Tuesday, September 14, 2010

Detroit Activists Tell Bank of America: Stop Foreclosures!

DETROIT: Activists tell Bank of America: Stop foreclosures!

By Kris Hamel
Published Sep 12, 2010 11:19 PM

Members of the Moratorium NOW! Coalition to Stop Foreclosures, Evictions and Utility Shutoffs along with other labor, community and student supporters took on Bank of America on Sept. 1 with a protest outside a main BOA branch in downtown Detroit. Protesters were livid that BOA, which has received billions in bailout money from the U.S. government, refuses to modify Michelle Hart’s mortgage.

Protesters loudly chanted, “Stop foreclosures, stop evictions! Moratorium now!” and “Bail out the people, not the banks!” while hoisting placards demanding relief for the Hart family; a moratorium on foreclosures, evictions and utility shutoffs; and a federally funded jobs program.

Like millions of people around the country, Hart lost her job, fell behind in her mortgage and then found temporary work at reduced wages. Now she is able and willing to make her mortgage payments, but Countrywide and Bank of America refuse to modify her loan to reflect her reduced income. Hart and her elderly mother, who has pancreatic cancer, face imminent eviction from their home in Southfield, Mich.

According to a Moratorium NOW! leaflet, “The bank refuses to modify her usurious, adjustable-rate mortgage, even though it signed a binding Consent Agreement with the Attorney General’s office on Oct. 6, 2008, to modify loans. ...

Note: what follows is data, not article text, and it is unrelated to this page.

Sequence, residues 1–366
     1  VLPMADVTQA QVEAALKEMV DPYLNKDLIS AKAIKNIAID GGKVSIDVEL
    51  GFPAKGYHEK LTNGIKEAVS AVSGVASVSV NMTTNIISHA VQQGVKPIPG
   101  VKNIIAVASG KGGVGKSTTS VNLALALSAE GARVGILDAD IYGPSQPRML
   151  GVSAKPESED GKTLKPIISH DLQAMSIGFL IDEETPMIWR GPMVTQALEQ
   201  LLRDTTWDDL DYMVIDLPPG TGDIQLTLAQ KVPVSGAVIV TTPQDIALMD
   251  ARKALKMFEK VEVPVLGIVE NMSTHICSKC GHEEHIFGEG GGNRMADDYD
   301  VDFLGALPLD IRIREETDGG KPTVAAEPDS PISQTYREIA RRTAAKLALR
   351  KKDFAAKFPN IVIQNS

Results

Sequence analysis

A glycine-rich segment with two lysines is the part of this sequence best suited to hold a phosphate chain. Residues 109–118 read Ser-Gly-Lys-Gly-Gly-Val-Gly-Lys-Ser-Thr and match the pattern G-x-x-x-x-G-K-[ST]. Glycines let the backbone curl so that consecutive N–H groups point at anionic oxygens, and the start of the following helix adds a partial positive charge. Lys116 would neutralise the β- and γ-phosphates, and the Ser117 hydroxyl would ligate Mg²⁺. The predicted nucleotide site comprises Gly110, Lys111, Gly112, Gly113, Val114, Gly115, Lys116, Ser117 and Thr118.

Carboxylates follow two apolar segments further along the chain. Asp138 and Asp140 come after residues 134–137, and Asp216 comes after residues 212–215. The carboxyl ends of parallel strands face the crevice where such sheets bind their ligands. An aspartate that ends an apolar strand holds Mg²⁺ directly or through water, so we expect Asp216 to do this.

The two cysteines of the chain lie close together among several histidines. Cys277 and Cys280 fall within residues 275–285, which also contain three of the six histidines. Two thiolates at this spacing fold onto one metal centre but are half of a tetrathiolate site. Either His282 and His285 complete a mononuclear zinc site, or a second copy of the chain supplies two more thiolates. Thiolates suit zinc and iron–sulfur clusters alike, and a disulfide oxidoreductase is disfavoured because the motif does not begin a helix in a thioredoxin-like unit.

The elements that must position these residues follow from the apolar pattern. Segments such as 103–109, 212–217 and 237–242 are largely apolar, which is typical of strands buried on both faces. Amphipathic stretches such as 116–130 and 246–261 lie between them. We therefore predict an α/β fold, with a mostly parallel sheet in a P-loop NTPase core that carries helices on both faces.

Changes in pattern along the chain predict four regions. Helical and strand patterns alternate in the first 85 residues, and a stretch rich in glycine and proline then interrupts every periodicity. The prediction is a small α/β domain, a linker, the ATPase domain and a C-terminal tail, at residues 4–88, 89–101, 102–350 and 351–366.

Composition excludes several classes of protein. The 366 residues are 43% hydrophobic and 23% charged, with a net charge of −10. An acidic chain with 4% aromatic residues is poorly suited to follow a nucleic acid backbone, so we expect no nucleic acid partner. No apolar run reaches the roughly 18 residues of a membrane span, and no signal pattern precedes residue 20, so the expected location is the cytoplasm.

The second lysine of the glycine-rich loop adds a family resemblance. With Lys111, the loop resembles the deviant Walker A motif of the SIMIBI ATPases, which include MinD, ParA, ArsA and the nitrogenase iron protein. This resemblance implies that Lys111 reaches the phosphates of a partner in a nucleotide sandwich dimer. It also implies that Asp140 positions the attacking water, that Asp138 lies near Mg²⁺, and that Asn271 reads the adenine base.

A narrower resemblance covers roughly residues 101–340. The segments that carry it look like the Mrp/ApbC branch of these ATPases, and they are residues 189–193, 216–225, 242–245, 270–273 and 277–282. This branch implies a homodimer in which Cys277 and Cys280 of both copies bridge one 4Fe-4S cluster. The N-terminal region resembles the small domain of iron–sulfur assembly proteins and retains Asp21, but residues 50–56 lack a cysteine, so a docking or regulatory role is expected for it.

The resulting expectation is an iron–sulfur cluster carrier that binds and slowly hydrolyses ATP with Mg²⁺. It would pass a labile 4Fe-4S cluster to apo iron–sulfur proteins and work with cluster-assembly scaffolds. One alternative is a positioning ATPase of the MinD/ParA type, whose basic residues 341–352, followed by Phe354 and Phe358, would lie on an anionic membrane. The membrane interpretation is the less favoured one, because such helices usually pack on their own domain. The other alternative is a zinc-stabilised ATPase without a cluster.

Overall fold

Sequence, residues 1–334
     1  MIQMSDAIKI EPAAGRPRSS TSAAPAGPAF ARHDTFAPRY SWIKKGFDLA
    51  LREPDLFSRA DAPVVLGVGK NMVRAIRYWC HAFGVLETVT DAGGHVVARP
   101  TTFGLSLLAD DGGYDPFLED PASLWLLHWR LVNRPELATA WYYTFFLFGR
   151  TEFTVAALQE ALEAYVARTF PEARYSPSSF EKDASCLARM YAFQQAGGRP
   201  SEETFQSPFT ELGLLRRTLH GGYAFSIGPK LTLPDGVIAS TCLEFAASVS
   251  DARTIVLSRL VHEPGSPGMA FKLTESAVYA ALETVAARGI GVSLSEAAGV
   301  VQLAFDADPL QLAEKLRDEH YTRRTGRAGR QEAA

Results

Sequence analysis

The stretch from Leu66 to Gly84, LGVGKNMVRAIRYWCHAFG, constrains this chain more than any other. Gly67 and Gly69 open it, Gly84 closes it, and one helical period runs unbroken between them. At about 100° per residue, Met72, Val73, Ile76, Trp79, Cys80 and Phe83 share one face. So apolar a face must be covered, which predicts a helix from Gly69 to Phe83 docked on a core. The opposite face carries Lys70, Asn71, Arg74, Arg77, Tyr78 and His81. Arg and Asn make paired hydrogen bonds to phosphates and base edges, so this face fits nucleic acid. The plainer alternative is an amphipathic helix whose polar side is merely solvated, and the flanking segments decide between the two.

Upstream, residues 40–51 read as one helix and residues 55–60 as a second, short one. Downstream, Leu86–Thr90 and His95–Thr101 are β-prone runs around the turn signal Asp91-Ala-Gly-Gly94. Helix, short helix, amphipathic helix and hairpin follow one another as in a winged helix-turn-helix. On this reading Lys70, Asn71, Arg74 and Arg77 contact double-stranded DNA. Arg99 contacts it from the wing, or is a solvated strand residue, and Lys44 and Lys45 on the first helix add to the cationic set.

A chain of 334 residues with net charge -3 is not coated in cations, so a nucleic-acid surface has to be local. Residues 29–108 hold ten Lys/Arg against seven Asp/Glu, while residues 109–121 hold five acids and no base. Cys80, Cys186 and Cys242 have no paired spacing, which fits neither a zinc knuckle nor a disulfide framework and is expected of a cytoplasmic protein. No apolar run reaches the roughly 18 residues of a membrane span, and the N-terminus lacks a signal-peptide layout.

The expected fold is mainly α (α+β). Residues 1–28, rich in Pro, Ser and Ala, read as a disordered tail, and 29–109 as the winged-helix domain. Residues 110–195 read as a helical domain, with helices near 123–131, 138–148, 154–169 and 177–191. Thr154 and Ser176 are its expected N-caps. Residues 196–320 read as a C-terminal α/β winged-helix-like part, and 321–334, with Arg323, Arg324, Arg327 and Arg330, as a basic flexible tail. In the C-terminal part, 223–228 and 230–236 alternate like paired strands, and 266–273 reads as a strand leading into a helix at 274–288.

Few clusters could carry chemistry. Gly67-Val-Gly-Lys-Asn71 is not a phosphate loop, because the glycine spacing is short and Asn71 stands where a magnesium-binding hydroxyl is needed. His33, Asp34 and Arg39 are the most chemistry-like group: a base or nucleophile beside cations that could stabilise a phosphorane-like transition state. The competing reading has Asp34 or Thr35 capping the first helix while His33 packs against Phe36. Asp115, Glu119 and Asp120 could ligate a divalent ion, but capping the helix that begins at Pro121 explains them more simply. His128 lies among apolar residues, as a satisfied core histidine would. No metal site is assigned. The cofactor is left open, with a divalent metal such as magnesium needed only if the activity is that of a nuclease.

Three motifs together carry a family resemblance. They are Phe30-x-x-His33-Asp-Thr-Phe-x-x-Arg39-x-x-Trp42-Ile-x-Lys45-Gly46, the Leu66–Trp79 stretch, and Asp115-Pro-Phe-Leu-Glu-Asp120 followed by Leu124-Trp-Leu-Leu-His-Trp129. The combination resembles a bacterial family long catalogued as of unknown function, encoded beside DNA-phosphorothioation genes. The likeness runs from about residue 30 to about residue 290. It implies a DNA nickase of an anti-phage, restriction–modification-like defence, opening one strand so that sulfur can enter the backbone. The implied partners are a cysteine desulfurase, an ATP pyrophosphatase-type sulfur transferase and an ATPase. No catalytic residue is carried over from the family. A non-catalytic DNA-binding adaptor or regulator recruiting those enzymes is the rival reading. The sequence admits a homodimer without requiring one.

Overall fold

“Ms. Hart has fought in court for a year and a half now to get BOA and Countrywide to abide by the Consent Agreement and modify her loan. But the bank refuses and is forging full steam ahead to evict her and her mother. ... BOA would rather toss them out on the street than negotiate a loan modification.”

Coalition activists are also targeting BOA for failing to participate in Michigan’s Help for Hardest Hit Homeowners program. Not a single one of the major lenders has volunteered for this program, which is supposed to help unemployed workers receive loan modifications and save their homes. BOA and other banks and lenders don’t participate because they can receive from the federal government the full value of foreclosed homes, while families are put out on the street.

The coalition is asking people around the country to contact BOA’s CEO at brian.t.moynihan@bankofamerica.com and ask why BOA refuses to modify Michelle Hart’s loan and refuses to participate in the Helping Hardest Hit Homeowners program.

Bryan G. Pfeifer contributed to this article.
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